George Danzig was a graduate student in math at Berkeley. One day, as usual, he rushed in late to his math class and quickly copied the two homework problems from the blackboard. When he later went to do them, he found them very difficult and it took him several days of hard work to crack them open and solve them. They turned out not to be homework problems at all. They were two famous math problems that had never been solved.
[from "Mindset" by Carol S. Dweck, Ph. D]
Isn’t this little fragment of discovery inspiring?
I have been thinking a lot about the meaning of success lately. I finished a book called Mindset: The New Psychology of Success over a week ago and it really opened up my eyes to something I hadn’t thought about. The author separates ones with the Fixed mindset from the Growth; the former with examples stemming from childhoods with parents/teachers around that child astounded with their talent and praised over and over. The child is then consumed with the notion that they are born special and when they cannot reach this ill-fated trap of achievement again, he brushes it aside (“That’s not for me anyways.” “I don’t want to do it because it’s stupid.” or worse: “I’m not good enough.”)
Fixed mindsets are those seeking validation for their work; praise that they are indeed different, better, than everybody else. Success means something unique for each person but more often than not, the word evokes images of esteem, one-upping and pedestals.
And even as I write my novel, there are times where I crush myself; comparing myself to other great authors, embarrassed that I even think my writing may be considered readable, hoping my work will be acclaimed and adored — and that is the part of me I realize as my empty ego creeping in, having to prove itself over and over, anxious for the deadline.
The latter of the mindsets, Growth, considers another side: the side that says talent is not born but is built, nurtured and questioned. My own interpretation being that there is no prize, as the gift comes from the love of doing. There is no praise to be sought because it realizes that praise means something concrete, told, done, finished; something that, while nice, is already past. Growth continues, forward and onward.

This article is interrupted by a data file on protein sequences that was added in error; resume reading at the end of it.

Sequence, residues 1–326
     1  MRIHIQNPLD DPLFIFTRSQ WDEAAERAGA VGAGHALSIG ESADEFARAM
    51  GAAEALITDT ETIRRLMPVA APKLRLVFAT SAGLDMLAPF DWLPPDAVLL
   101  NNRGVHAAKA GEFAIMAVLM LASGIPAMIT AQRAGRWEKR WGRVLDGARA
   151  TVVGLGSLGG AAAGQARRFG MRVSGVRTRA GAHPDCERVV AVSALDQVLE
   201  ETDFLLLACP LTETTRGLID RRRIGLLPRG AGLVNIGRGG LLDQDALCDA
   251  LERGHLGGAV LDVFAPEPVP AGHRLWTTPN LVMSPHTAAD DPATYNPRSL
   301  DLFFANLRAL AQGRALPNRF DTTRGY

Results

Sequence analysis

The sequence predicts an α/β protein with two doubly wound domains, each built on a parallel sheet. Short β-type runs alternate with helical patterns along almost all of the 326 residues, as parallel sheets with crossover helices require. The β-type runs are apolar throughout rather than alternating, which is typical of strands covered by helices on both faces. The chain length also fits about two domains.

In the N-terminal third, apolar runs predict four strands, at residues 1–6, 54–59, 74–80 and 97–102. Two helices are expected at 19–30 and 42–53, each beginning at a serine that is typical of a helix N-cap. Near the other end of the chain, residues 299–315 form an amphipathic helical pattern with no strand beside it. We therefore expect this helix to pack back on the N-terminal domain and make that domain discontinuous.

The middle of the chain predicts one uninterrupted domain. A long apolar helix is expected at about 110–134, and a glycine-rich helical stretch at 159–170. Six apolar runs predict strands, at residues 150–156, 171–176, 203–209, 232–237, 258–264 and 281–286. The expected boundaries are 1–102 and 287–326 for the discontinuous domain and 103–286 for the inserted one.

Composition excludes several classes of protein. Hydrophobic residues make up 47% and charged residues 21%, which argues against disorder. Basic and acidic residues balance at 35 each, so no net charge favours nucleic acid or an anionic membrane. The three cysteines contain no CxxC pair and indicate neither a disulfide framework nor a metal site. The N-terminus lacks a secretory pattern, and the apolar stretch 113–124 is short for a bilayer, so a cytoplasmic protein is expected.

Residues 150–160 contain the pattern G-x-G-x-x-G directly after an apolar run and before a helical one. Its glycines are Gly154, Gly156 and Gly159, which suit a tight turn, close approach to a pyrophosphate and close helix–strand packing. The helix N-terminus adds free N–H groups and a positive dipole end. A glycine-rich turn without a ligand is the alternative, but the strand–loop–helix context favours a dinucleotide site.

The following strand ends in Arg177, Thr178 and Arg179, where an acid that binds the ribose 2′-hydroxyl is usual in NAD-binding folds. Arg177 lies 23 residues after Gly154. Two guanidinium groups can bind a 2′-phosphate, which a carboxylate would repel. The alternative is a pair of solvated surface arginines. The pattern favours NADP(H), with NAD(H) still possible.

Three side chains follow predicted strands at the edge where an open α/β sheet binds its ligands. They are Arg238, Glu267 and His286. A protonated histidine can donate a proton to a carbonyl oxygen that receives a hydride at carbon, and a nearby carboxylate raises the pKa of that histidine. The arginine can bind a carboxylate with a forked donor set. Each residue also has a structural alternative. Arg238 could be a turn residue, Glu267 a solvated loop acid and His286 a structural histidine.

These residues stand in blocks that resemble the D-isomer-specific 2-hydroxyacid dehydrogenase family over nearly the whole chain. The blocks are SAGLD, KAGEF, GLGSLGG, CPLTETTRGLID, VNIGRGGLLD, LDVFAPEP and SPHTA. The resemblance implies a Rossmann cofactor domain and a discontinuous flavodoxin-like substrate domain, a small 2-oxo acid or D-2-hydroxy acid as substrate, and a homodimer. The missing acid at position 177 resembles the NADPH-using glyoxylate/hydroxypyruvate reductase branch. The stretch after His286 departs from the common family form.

What does success mean to you? Sometimes, if questioned and aggravated, one can find so many deeper reasons of how this answer came about and where the roots began; Validation? Competition? Measuring?
Some final words about doing work you love, fame and success from Paul Graham:
“What you should not do, I think, is worry about the opinion of anyone beyond your friends. You shouldn’t worry about prestige. Prestige is the opinion of the rest of the world. When you can ask the opinions of people whose judgment you respect, what does it add to consider the opinions of people you don’t even know? …This is easy advice to give. It’s hard to follow, especially when you’re young. Prestige is like a powerful magnet that warps even your beliefs about what you enjoy. It causes you to work not on what you like, but what you’d like to like… If you do anything well enough, you’ll make it prestigious. Plenty of things we now consider prestigious were anything but at first. So just do what you like, and let prestige take care of itself…Prestige is especially dangerous to the ambitious. If you want to make ambitious people waste their time on errands, the way to do it is to bait the hook with prestige…”
“It’s hard to find work you love; it must be, if so few do. So don’t underestimate this task. And don’t feel bad if you haven’t succeeded yet. In fact, if you admit to yourself that you’re discontented, you’re a step ahead of most people, who are still in denial. If you’re surrounded by colleagues who claim to enjoy work that you find contemptible, odds are they’re lying to themselves. Not necessarily, but probably.”